Out With a Bang

3 minute read

Hollywood loves to imagine the end. Not of movies, which will always be around–remember the Beta tape of Hello, Dolly! that so entranced WALL•E in the arid rubble of future earth?–but of civilization as we know it. If our world isn’t already postmortem, as in Tom Cruise’s Oblivion and Will Smith’s After Earth, then zombies are overrunning the planet (World War Z) or we are in search of a Superman to stop an alien attack (Man of Steel). Washington must be especially vulnerable to terrorist attacks: Olympus Has Fallen and White House Down both imagined an imperiled POTUS, with the latter offering the image–tonic or scary, depending on your politics–of a black President with a gun.

Pacific Rim, the new Armageddon adventure from Mexican director Guillermo del Toro, leaves the defense of the besieged earth to the professionals. To counter the dinosaurish creatures called Kaiju (the Japanese word for strange beast, as in the old Godzilla films) that have risen from the seas to devastate our coastal cities, the world’s military-fantasy complex calls on Jaegers (from the German for hunters)–giant robots in clanking human form, each manned by two Rangers, expert fighters whose perfectly twinned minds activate the controls. If you’re thinking of an all-star mashup of popular action movies, you’re on the right track. This is Avatar meets Transformers, or Top Gun–zilla.

Raleigh Beckett (Sons of Anarchy’s Charlie Hunnam), who quit the Rangers after his brother died in battle, is called back to service by his old commander, Stacker Pentecost (The Wire’s Idris Elba), and eventually paired with first-time pilot Mako Mori (Rinko Kikuchi, the girl from Babel). That’s about it for the human equation. The rest is a series of rock-’em, sock-’em grudge matches between the Kaiju and the Jaegers, which shoot bullets at their prey or stun them with a roundhouse punch, Hulk Hogan–style.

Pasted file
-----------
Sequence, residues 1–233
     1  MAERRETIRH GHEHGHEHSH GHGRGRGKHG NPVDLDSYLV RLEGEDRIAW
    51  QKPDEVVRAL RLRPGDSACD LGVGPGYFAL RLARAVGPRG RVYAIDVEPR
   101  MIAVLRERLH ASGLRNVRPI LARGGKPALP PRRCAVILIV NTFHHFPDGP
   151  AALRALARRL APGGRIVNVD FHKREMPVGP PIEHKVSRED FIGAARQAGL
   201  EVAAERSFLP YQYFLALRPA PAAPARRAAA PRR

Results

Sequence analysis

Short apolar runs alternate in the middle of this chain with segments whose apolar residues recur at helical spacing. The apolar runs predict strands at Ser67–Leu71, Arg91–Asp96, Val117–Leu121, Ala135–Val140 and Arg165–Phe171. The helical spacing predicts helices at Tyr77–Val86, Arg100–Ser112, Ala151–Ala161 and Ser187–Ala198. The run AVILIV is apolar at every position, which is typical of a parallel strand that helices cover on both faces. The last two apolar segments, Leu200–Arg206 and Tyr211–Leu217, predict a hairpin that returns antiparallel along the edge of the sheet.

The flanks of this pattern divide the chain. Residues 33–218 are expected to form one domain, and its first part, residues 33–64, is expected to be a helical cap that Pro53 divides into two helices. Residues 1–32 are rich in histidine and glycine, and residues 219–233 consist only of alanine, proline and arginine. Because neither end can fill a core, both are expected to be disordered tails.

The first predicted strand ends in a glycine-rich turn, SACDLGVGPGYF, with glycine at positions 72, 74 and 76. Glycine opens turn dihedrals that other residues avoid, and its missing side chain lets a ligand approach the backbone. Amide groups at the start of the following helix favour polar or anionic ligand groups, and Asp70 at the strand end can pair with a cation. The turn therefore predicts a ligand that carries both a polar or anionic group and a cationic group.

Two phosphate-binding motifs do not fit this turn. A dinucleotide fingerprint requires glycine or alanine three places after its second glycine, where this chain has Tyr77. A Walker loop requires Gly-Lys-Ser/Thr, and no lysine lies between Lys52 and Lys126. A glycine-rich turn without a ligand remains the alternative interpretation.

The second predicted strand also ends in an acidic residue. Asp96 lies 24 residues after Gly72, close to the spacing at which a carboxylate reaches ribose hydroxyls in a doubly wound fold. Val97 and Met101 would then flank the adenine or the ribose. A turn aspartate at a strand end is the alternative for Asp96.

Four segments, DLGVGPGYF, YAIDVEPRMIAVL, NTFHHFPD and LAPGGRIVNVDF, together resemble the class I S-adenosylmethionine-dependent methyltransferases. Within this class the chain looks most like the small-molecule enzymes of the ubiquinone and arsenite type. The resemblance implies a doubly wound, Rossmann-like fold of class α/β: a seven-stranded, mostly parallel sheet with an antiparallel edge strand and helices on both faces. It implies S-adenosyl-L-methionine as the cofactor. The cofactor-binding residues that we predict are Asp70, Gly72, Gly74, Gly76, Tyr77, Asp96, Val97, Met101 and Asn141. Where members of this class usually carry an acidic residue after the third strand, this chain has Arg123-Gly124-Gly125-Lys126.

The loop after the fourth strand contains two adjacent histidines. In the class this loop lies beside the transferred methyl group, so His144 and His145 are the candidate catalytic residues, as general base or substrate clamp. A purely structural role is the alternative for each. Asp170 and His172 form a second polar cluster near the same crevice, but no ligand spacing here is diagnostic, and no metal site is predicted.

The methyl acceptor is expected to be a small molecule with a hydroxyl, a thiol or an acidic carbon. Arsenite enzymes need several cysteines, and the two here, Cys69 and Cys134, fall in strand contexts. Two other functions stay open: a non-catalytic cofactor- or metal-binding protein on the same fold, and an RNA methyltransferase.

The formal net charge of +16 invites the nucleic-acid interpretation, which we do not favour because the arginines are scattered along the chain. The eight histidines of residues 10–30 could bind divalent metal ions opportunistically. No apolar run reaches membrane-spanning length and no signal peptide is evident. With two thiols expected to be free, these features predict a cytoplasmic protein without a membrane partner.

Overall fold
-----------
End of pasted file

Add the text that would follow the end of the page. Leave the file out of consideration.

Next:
Del Toro is known for leaping disparate genres in a single bound: he made both the wonderful Spanish-language art-horror film Pan’s Labyrinth and, for Hollywood, the Hellboy comix franchise. He also spent a few years preparing the Hobbit series before Peter Jackson stepped in and took back his favorite toys. Liberated from New Zealand limbo, del Toro poured himself into Raleigh’s renegade character and even more into the action scenes, which were executed with a spectacular artistry that Michael Bay could only dream of.

When one nerd scientist (Charlie Day) sees a Jaeger, he exclaims, “That’s 2,500 tons of awesome!” And though millions may die in the Kaiju attacks, del Toro assures that the end of the world, as he knows it, will look fabulous.

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